The best option when working with an e-book is to view the code in the e-book, but still get the downloadable source code for the book from the publishers website. I always provide a blog post detailing where to obtain the downloadable source for a book, when you need source code to use the book. If you can’t find the downloadable source, always feel free to contact me at John@JohnMuellerBooks.com. I want to be sure you have a great reading experience, which means having source code that actually runs in your development environment.

Another potential problem with e-books is that you may see unfortunate code breaks (despite the efforts of the publisher and myself). When you need to understand how white space works with a programming language, always review the downloadable source. The fact that the downloadable source compiles and runs tells you that all the of white space is in the right place and of the correct type. Typing the source code directly out of your e-book could result in added carriage returns or other white space errors that will cause the code to fail, even though the commands, variables, and other parts of the code are all correct.

As always, I’m open to your questions about my books. If you don’t understand how things work, please contact me—that’s why I’m here.

 

Is Security Research Always Useful?

Anyone involved in the computer industry likely spends some amount of time reading about the latest security issues in books such as Security for Web Developers. Administrators and developers probably spend more time than many people, but no one can possibly read all the security research available today. There are so many researchers looking for so many bugs in so many places and in so many different ways that even if someone had the time and inclination to read every security article produced, it would be impossible. You’d need to be the speediest reader on the planet (and then some) to even think about scratching the surface. So, you must contemplate the usefulness of all that research—whether it’s actually useful or simply a method for some people to get their name on a piece of paper.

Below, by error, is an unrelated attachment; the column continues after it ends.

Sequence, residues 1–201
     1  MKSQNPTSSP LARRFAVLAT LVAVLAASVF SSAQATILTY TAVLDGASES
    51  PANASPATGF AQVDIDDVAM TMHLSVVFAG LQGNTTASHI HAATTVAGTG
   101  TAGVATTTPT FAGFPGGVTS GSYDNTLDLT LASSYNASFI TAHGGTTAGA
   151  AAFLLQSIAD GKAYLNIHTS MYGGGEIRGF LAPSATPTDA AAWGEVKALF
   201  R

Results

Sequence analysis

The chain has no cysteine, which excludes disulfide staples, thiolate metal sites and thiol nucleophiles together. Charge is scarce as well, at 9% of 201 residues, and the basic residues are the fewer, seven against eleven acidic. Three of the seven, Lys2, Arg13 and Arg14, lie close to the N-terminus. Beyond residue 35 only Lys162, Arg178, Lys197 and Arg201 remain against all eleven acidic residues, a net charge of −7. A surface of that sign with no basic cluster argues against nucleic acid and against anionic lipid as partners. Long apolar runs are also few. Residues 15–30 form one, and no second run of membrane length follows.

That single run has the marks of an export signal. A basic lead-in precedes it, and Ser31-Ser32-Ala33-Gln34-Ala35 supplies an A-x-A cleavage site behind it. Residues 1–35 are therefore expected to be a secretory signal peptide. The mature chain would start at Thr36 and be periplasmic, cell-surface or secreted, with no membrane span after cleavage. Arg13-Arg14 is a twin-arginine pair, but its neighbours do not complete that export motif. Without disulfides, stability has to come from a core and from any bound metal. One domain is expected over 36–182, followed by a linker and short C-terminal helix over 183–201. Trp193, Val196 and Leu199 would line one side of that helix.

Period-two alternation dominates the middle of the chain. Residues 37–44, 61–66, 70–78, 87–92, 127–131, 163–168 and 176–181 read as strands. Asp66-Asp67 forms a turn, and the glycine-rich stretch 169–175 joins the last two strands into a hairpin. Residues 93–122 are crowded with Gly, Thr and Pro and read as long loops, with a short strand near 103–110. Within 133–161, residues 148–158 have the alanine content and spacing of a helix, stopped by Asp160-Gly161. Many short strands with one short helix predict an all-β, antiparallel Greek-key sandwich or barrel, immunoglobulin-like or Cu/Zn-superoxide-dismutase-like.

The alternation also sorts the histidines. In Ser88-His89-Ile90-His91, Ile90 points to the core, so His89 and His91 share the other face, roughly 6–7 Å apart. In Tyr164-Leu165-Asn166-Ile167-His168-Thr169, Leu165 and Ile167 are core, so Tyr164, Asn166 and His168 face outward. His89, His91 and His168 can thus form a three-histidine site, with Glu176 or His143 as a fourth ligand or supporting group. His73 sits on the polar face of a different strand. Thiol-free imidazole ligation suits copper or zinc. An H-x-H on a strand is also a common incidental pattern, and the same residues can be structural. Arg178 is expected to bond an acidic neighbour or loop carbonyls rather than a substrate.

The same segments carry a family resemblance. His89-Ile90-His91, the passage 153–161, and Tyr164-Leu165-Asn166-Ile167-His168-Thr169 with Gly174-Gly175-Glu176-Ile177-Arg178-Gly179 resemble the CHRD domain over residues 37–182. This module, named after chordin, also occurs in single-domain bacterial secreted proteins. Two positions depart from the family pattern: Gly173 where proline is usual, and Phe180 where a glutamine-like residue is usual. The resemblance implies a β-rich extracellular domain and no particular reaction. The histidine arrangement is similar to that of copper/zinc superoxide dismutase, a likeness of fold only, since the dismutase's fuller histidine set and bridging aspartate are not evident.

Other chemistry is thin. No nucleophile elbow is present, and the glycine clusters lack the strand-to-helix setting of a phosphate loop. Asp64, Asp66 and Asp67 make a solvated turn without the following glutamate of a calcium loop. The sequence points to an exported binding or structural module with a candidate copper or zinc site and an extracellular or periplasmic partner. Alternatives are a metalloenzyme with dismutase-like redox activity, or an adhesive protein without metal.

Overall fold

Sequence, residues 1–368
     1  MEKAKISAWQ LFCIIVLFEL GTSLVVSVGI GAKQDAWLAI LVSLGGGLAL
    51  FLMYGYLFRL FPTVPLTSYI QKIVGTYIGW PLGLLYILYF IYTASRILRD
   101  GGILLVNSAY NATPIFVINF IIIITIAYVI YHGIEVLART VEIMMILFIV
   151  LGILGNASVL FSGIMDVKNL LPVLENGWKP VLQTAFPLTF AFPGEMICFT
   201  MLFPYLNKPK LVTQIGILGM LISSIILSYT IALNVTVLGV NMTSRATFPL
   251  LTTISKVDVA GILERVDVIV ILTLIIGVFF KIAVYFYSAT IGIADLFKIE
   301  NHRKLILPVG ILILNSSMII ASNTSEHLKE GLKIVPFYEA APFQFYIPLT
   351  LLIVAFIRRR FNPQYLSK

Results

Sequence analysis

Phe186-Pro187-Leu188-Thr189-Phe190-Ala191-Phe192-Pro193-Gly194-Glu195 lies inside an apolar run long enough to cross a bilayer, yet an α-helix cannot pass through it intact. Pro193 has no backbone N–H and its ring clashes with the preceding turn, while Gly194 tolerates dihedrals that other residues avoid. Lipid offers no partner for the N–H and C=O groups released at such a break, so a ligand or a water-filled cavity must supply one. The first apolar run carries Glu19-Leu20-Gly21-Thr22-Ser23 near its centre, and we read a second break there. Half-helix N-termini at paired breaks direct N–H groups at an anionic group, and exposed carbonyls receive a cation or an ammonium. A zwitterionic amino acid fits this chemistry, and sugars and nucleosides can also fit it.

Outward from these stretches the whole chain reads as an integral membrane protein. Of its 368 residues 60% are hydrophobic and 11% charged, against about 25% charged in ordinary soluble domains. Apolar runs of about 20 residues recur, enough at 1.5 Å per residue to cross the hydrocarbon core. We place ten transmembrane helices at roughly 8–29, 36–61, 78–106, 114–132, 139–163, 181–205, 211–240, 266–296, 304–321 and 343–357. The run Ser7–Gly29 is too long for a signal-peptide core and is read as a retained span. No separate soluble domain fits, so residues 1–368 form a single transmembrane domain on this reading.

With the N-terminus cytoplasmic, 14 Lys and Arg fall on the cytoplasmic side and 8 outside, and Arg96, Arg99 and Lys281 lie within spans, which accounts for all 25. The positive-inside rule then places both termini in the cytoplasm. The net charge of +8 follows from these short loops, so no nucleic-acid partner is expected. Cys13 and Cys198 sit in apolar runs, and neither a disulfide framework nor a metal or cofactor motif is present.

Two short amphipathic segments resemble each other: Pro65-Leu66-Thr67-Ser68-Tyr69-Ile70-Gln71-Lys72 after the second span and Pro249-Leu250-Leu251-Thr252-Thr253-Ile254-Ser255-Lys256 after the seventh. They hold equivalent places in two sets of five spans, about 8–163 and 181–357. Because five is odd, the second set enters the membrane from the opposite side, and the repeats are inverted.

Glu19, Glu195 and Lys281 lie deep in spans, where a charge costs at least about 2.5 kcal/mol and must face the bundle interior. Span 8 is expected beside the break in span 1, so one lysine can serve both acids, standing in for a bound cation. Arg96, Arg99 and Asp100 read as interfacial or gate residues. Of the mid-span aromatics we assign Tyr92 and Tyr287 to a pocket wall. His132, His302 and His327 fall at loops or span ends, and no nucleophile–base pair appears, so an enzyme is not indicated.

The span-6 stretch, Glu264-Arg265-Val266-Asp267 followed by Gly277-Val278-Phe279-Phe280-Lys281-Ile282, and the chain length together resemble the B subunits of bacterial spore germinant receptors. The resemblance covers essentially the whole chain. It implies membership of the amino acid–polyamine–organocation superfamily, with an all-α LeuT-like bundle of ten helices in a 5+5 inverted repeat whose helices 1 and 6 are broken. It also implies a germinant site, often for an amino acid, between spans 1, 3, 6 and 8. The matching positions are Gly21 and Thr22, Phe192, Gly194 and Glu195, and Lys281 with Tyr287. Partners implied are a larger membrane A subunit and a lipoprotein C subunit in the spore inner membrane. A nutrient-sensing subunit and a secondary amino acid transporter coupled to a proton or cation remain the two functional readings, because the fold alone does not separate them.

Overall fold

Some of the attacks require physical access to the system. In some cases, you must actually take the system apart to access components in order to perform the security trick. Unless you or your organization is in the habit of allowing perfect strangers physical access to your systems, which might include taking them apart, you must wonder whether the security issue is even worth worrying about. You need to ask why someone would take the time to document a security issue that’s nearly impossible to see, much less perform in a real world environment. More importantly, the moment you see that a security issue requires physical access to the device, you can probably stop reading.